Greetings from Chiapas, Mexico. It’s been some 13.5 months since I left Canada in October 2020 and as it stands I’ve no plans to go back. It started with 7 months in Mexico where I more or less kept up the tempo of event-hosting I had started in Canada in summer of 2020, followed by 6 months in the United States, where I found myself a job in the Arizona wine industry. Now it’s back to Mexico to work on my visa application for re-entry into the US, then hopefully a greencard after a time, and citizenship in the longer-term.
I’m done with Canada. It’s (f/c)ucked. In fairness, it’s hard to tell exactly what’s going on there from the conflicting reports I hear, but having lived there most of my life, certain criticisms seem predictable and plausible—particularly those developments which pertain specifically to public complacency and the citizenry just rolling over to show its/their collective belly. Some people—those I reckon are most like me—tell me it fuckin’ sucks and is sliding further into communism. “Imagine getting out of Russia in 1916…” was a thought that played over and over in my head (for better and worse) during the last six months in the US.
Better because it strengthened my resolve to make a clean break.
Worse because living isolated out in the desert as I was, I might have been more susceptible to a general paranoia.
Does it break my heart that I see my country of birth sliding further into communism? Especially since I spent time in the military, etc? Not as much as you might think. I’ve always been drawn to the US; particularly the deserts of the south-west. It always seemed like the place to be for me, and getting caught up in the patriotism of being in the army and then deploying to Afghanistan might have—in retrospect—delayed me from really embracing this goal and pursuing it in earnest.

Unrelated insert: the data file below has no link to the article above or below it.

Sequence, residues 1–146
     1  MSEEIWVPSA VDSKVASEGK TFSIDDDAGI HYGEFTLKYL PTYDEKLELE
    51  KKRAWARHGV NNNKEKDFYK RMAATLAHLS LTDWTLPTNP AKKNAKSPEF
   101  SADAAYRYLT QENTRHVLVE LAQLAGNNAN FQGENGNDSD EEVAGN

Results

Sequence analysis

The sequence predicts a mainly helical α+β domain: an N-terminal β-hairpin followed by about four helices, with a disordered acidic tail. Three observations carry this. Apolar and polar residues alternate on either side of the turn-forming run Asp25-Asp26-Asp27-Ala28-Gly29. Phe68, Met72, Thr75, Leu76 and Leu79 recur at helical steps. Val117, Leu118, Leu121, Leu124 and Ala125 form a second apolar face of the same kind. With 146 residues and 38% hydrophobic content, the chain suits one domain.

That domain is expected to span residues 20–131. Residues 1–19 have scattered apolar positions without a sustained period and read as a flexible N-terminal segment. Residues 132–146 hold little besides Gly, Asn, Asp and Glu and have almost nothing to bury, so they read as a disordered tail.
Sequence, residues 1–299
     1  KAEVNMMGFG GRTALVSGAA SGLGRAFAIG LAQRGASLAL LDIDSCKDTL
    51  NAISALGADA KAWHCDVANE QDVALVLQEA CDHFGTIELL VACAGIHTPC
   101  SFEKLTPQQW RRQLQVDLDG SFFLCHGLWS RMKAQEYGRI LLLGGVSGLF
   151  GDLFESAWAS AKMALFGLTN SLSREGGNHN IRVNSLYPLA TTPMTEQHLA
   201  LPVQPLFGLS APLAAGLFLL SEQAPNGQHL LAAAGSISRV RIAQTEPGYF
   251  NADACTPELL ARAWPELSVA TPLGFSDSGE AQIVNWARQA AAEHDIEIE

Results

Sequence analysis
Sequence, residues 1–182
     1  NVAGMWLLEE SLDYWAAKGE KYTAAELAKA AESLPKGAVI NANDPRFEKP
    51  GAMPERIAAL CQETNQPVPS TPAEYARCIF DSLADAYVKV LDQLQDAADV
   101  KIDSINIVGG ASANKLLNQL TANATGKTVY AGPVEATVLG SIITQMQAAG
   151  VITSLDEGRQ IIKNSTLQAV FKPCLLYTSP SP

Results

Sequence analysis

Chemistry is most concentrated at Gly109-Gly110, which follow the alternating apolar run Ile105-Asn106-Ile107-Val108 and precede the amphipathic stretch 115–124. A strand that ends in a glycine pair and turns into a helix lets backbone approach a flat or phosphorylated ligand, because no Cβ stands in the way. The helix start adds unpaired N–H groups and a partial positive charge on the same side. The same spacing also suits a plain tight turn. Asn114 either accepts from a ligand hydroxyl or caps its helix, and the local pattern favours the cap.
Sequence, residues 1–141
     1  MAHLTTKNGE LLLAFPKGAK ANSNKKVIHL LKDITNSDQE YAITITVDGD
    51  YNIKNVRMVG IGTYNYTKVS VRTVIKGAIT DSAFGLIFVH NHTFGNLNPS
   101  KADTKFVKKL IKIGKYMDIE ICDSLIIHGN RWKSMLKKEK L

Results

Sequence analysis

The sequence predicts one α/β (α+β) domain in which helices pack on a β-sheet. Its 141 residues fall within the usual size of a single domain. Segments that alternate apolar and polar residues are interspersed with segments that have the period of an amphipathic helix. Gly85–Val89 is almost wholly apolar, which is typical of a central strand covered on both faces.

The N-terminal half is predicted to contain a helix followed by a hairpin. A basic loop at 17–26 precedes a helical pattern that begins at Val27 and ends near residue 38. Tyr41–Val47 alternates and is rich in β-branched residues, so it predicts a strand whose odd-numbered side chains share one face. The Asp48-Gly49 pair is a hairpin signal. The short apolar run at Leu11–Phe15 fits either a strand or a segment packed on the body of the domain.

Even though I don’t feel conflicted about following my heart however, there is still a weird feeling about openly speaking so treasonously. I’m afraid because my best laid plans to obtain residency and then citizenship elsewhere might be for nought and then it will be back to the frozen north for me with egg on my face and nowhere to go. That is my biggest fear in fact—being stuck in Canada.
To be Fair…
Canada was a good place to grow up. There are more safety nets there and a general niceness which helps ease one into the real world. I know some friends for example in the States who went through the criminal justice system early on—in some cases upwards of 20 years ago—and they are still feeling the effects of it. Not to say, you can’t get caught in the system in Canada, but for whatever reason I never did, whereas I feel the likelihood would have been higher if I was born in the States.
On the other hand, Canada’s safety nets and collectivist leanings also mean that there is a lower ceiling for what one individual might accomplish—especially one who works in the arts as I have (mostly) have since 2013.
Do I owe Canada anything for the relative safety of my upbringing? Maybe.
If I do, have I already paid it off? I would say most likely.
The only pang of guilt/regret I feel is to the fine men and women I served with. I admire their love for the country. To one comrade (no pun intended) in particular whom I feel most accountable to, I have stated that I feel more loyalty to the US at this point, acknowledging that this might seem like a betrayal. Better to stab someone in the front than in the back right?
Canada has always had problems; Covid has simply thrown them into sharper relief. At the same time, it perhaps also gave me the push I needed.
Thanks for reading.
PS Stay tuned for the serialized release of Covid Refugee (The Memoir)